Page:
“I like the 13-weight class idea,” he said. “I think it would be a good idea to let it play out for a year.”
The talk of eliminating the 106-pound weight class doesn’t set well with a number of Pioneer Athletic Conference coaches whose scholastic backgrounds were built on the foundation of participation at that level.
Pope John Paul II first-year head coach Chris Sheetz was a third-place state medalist at 103 his freshman season (2005), a weight class at which he competed for all but four of 48 bouts that year. He went on to be a state champion at 112 as a sophomore, the second of four state medals he achieved during his scholastic career.
“I don’t like eliminating 106,” Sheetz said. “I don’t think it’s good for the sport. It would be a shame if little guys couldn’t wrestle.”
Another notable lightweight was veteran Spring-Ford mat boss Tim Seislove whose scholastic experience included two years at the former 98-pound weight class in the early 1980s.
“The biggest problem I don’t want to see is raising the lower weight class,” he said. “It takes away from the little guys.”
In that same vein, Seislove — he’s had in excess of 30 wrestlers on his rosters the past five years — does not support a reduction in weight classes.
“It takes away opportunities for kids, with two less weight classes,” he said. “It’s a shame to take away opportunities.”
Adam offered additional argument against moving the lowest weight class up from 106. He noted how five out of 10 wrestlers who were 2019 NCAA D1 Wrestling National champions, and more than one-third of the wrestlers placing in the top three at the 2019 NCAA D1 Wrestling National Championships, competed at 106 for at least one year in high school.
“This weight has been the starting point for many of the best wrestlers in the sport,” he said. “These wrestlers have gone on to have amazing collegiate wrestling careers.”
Steve DeRafelo has worked in recent years with sizeable rosters at Owen J. Roberts, having 44 grapplers on the team in 2018-19. Still, the 1988 Great Valley graduate and four-year varsity-level competitor in the Patriots’ mat program sees the forfeits issue impacting the sport.
“I believe that the PIAA had to do something in response to the high number of forfeits in high school dual meets,” DeRafelo said. “At Owen J. Roberts, we have been fortunate enough to field a full line-up the last few years. However, we realize that there has been a lot of dual matches around District One with multiple forfeits.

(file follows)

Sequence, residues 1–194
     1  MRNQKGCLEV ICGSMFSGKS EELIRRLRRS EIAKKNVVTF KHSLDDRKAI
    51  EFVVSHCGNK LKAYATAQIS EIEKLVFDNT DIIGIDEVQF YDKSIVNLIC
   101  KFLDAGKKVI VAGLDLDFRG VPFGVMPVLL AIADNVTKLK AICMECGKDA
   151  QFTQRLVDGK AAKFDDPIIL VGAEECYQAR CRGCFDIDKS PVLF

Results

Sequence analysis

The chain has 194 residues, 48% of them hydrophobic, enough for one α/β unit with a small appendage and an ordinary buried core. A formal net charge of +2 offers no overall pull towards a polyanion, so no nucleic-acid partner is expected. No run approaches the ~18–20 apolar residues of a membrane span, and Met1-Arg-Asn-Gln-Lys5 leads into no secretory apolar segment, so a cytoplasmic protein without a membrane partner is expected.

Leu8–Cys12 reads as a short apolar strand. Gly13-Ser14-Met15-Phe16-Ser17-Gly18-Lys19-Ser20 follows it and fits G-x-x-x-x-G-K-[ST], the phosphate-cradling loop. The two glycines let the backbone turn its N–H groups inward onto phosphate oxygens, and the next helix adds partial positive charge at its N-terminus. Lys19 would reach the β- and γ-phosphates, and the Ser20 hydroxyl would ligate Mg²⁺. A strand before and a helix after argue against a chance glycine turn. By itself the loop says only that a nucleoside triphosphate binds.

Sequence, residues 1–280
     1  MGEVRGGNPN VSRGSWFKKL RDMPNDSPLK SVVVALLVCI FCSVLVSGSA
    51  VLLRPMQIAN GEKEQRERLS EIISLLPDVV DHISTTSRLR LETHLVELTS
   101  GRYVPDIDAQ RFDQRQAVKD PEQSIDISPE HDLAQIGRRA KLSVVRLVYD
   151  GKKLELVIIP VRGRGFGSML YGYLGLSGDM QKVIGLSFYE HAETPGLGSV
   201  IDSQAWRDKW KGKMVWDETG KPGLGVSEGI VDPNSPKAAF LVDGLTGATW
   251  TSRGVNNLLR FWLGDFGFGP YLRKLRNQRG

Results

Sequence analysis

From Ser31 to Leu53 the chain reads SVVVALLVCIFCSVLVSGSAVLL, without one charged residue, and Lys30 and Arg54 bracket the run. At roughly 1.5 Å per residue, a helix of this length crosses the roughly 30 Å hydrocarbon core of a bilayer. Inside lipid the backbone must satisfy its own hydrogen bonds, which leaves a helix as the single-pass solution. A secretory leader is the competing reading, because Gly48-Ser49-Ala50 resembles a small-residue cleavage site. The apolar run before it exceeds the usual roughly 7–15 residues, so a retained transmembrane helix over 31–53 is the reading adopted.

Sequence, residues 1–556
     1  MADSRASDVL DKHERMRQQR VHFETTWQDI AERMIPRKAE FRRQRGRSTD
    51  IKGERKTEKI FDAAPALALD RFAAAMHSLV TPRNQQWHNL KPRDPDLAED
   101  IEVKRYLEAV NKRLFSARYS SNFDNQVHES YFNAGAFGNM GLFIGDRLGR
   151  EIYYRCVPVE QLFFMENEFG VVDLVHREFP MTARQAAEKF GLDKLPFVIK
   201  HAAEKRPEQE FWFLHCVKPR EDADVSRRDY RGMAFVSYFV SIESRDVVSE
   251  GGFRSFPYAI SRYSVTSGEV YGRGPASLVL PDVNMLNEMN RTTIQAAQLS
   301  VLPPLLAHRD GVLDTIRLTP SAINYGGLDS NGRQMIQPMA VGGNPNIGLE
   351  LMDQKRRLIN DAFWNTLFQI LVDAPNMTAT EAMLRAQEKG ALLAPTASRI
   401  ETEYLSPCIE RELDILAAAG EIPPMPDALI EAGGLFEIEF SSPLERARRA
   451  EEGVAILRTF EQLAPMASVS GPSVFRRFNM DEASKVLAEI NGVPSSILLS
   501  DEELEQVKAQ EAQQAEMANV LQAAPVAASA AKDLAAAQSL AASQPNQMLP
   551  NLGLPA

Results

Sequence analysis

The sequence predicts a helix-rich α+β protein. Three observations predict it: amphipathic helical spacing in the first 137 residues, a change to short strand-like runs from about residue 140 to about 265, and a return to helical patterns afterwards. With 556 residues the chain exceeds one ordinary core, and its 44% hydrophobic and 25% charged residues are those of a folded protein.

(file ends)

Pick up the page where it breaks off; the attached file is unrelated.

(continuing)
“The forfeits are not good for the promotion of the sport. Spectators come to matches to watch student-athletes compete against one another, not watching multiple kids have their hands raised without contested bouts. Hopefully, this move will address this issue.”
Adam is strong in his opposition to reducing the number of weight classes.
“You don’t see the PIAA cutting opportunities in any other sport,” Adam added. “In fact, sports like football, basketball, baseball and softball have added classes. They have increased the number of champions. If the NFHS were to adopt the PIAA’s proposal, there would be several thousand fewer opportunities for wrestlers to compete nationwide. This would be disastrous for the future of the sport.”
Adam, for his part, sees a reconfiguration of the current weight class number being a better solution to the forfeit problem.
“I feel the one thing that the PIAA data has overlooked is the lack of weight classes where there is the greatest participation (or least forfeit percentage),” he said, “If you look between 132 and 152 pounds, why not add a weight class there?
“There should definitely be five weight classes between 132 and 152 pounds, instead of four weight classes. I would prefer to eliminate 220 rather than 182. In college, if you weigh 220 you are wrestling heavyweight. So you may as well get used to it in high school.”
Neither the NFHS nor the PIAA is expected to bring the subject to a formal vote until April 2020, at which point the organizations will have an opportunity to reassess their plans with the benefit of another season worth of data. If the NFHS doesn’t act and reduce the number of weights nationwide, the PIAA would step in and make its request for a pilot program.